Having just returned from the Newport International Boat Show I was most struck by the latest fashion wave in larger cruising sailboats, which is the stern landing pad. Apparently designed to allow easy access to hordes of boat show gawkers, these platforms, often featuring teak decks, certainly allow for easy access to the stern of the boat from either the water, a dinghy, or a floating dock, but some caveats lept to mind.
First, in many parts of the world, if not most, floating docks are not very common. Probably the most typical docking situation for cruising sailboats worldwide is a side-to tie up consisting of fixed pilings or a solid wharf, where a stern platform would be of little use.
My second thought was that there are also places in the world where you don't want to make it easy for people to swim or dinghy up to your boat and come aboard. The swimmer that tried to climb our topsides in Cartagena, Colombia, comes to mind, and if some friends of ours on a cat hadn't had stern boarding steps they might not have been robbed at night by a swimmer also in Colombia.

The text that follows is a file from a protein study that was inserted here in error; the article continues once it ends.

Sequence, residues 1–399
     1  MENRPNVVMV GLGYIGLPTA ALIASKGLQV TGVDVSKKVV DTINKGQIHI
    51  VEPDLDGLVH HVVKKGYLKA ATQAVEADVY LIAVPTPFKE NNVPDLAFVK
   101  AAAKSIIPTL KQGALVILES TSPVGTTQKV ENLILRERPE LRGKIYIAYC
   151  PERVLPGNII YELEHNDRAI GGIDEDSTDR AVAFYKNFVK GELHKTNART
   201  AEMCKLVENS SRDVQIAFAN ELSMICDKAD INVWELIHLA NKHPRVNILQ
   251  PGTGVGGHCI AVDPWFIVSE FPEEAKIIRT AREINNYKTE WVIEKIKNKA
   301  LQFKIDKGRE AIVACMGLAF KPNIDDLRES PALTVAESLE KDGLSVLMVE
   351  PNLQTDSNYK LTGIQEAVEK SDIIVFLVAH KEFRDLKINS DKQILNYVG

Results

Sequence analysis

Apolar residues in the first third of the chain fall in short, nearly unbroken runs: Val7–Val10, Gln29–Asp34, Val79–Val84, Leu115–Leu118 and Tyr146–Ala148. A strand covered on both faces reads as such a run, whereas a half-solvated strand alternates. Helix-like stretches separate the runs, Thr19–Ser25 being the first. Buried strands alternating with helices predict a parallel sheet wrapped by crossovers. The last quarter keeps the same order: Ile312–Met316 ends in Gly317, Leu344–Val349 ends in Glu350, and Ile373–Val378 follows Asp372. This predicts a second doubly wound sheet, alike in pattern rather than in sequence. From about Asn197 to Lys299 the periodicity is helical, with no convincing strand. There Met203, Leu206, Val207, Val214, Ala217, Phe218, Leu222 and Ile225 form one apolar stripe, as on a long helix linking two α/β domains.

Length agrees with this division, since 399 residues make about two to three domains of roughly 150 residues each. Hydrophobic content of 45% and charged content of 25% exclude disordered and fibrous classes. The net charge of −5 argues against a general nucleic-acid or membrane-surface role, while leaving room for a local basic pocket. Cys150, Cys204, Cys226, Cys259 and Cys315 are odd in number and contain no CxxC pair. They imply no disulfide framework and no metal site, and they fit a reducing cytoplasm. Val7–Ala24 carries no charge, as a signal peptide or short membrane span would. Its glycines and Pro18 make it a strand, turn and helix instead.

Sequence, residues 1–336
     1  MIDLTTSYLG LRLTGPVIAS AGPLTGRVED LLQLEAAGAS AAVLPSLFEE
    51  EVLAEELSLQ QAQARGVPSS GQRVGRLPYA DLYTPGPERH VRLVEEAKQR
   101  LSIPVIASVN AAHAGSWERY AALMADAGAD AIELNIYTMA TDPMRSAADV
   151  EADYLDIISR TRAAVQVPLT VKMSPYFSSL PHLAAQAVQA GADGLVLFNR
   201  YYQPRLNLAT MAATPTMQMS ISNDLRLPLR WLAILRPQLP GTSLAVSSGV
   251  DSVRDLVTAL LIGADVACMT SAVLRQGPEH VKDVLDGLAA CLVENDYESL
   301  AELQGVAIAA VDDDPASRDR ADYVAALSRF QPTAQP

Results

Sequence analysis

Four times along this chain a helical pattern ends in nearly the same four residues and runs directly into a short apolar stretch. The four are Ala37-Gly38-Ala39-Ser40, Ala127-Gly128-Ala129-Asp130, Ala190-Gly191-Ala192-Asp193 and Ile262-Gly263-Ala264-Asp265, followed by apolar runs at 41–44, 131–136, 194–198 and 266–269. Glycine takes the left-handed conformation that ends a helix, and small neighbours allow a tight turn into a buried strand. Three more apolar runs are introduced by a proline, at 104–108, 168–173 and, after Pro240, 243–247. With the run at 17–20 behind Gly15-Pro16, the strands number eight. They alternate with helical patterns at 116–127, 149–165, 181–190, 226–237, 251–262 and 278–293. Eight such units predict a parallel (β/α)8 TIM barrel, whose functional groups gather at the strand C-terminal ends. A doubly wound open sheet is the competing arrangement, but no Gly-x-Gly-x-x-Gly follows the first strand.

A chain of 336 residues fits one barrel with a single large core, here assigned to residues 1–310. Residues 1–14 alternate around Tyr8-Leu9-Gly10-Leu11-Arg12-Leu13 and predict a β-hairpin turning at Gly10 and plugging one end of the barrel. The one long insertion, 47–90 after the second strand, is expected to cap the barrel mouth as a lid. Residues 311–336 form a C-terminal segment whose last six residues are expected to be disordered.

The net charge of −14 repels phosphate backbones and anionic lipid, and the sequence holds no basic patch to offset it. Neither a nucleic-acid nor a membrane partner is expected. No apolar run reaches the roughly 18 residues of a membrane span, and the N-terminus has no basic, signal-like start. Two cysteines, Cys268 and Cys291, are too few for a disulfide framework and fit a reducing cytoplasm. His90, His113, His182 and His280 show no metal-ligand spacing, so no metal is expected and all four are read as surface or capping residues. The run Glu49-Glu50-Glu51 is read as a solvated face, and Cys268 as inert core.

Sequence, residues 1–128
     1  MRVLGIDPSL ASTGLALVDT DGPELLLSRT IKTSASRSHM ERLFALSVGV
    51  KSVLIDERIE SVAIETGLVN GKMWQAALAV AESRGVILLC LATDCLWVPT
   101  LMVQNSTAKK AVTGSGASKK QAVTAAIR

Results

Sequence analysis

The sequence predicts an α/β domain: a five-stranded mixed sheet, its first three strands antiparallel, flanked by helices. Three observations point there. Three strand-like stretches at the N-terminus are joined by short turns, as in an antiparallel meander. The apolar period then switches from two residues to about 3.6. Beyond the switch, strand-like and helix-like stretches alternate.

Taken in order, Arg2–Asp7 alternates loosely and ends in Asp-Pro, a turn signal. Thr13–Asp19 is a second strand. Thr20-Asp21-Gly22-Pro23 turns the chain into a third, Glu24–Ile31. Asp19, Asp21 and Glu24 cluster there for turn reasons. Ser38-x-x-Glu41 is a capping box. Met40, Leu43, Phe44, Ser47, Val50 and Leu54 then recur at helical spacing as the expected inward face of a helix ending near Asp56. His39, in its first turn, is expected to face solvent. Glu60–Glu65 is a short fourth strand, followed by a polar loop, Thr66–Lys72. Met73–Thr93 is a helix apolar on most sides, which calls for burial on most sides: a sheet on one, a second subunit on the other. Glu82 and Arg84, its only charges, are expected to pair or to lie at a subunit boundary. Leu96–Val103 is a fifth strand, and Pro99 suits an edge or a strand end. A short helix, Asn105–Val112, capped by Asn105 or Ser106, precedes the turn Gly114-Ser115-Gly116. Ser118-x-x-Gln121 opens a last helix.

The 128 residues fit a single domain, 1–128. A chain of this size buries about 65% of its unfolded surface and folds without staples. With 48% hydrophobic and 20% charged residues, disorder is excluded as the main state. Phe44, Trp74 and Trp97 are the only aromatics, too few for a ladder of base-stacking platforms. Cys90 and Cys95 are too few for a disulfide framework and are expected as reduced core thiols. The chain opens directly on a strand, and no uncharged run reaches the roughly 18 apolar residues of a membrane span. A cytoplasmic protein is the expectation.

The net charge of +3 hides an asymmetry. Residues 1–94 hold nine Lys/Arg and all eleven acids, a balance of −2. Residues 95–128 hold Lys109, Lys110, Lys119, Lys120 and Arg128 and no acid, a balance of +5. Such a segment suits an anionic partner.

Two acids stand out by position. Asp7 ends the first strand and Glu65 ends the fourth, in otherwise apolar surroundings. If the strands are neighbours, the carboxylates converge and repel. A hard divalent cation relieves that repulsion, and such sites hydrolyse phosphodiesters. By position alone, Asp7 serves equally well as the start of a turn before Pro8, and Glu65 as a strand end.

Of course in most of the world you do not worry about boarders coming in over the stern. However, these super wide sterns and platforms make me wonder about other disadvantages. What happens when a boat with such a stern starts to heel over in a gust? Will the rudder stay in the water? What happens to the steering feel? How does that huge area drain when a boarding seem comes aboard offshore? Is the giant stern door structurally strong enough?
No doubt designers will have studied these problems, and hopefully prevented any bad handling and strength problems, but it does seem rather odd to design a cruising sailboat around the premise that one of the most important things to achieve is easy boarding at the boat show and in a specific type of marina with floating docks where you can board stern to.